Friday’s consultations were held in the context of a Security Council resolution on conflict and hunger that was adopted in May.

The Security Council heard briefings from UN Undersecretary-General for Humanitarian Affairs Mark Lowcock, UN secretary-general’s special representative for Sudan and South Sudan Nicholas Haysom, and head of the UN mission in South Sudan David Shearer.
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United States, Britain and Norway say South Sudan peace deal "not sustainable"

KHARTOUM Sudan (Xinhua) -- The United States, Britain and Norway on Friday described the recently signed South Sudan peace deal in Khartoum as "not realistic or sustainable."

"Considerable challenges lie ahead, and we are concerned that the arrangements agreed to date are not realistic or sustainable," said the three countries in a joint statement Friday.

"Given their past leadership failures, South Sudanese leaders will need to behave differently and demonstrate commitment to peace and good governance," added the statement.

The three countries stressed that they now expect to see a change in the situation on the ground, beginning with a further significant reduction in violence, and all parties taking measures to allow full humanitarian access.

However, the three countries expressed support for the engagement of the region in the recent Khartoum-based negotiations on outstanding governance and security issues and acknowledged the role of Sudan in hosting these negotiations.

South Sudan’s conflicting parties, on Aug. 5, signed a final deal in the Sudanese capital Khartoum on power-sharing and security arrangements.

The deal was signed by South Sudanese President Salva Kiir, major opposition leader Riek Machar and representatives of other South Sudanese opposition factions.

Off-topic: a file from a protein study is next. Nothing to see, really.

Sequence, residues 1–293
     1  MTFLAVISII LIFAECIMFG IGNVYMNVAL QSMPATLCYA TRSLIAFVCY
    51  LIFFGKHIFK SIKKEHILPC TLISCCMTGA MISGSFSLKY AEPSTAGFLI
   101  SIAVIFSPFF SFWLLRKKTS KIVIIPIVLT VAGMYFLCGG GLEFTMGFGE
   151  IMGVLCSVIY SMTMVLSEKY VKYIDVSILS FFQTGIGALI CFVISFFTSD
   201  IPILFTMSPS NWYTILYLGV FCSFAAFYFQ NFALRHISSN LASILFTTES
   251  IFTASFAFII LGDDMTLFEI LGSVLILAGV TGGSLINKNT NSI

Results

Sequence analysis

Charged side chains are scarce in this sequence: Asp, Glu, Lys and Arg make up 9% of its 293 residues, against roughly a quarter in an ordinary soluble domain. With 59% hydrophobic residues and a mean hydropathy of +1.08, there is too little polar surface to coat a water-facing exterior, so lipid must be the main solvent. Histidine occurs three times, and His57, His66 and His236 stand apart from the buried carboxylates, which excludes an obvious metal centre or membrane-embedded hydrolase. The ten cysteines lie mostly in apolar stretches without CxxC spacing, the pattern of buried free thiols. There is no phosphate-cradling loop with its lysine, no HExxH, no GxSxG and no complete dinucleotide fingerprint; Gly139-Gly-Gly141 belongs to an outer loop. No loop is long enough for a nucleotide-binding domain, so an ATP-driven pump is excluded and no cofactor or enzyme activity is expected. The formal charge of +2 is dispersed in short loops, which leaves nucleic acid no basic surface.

It stipulates that Kiir will continue his post during the transitional period, while Machar will be the first vice president among the four vice presidents from different political parties.

Under the agreement, the transitional cabinet would be composed of 35 ministers, including 20 ministers from the government, and nine from Machar-led Sudan People’s Liberation Movement-in-Opposition (SPLM-IO).

The deal stipulates a transitional national legislative body would be composed of 550 members, with 332 from the government, and 128 from the SPLM-IO.

South Sudan has been witnessing a civil war since December 2013, which has left about 10,000 dead and millions of others displaced.
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Ugandan president optimistic about return of South Sudan refugees

KAMPALA Uganda (Xinhua) -- Ugandan President Yoweri Museveni on Thursday said the recent signing of the peace agreement between rival factions in South Sudan will ensure that peace prevails in the region and refugees return home.

"We hope that with the UN support in regards to food and basic essentials, the refuges could return home by January and take advantage of the rains that start in March in order to grow some food," Museveni said, according to a State House statement issued here.

Museveni said this during his one-day working visit to neighboring Tanzania where he met his counterpart John Magufuli.

Museveni said that the conflict in South Sudan has affected trade and retarded development.

Magufuli commended Museveni, who is one of the guarantors of the South Sudan peace process, for his efforts to bring peace to the East African country.

Uganda is host to over 1 million South Sudan refugees who have fled fighting back home since December 2013, when troops loyal to President Salva Kiir fought with those of the then vice president Riek Machar.

The two leaders Kiir and Machar this week signed a peace agreement to end years of war and conflict.
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South Sudan Wildlife officials alarmed by raising elephant poaching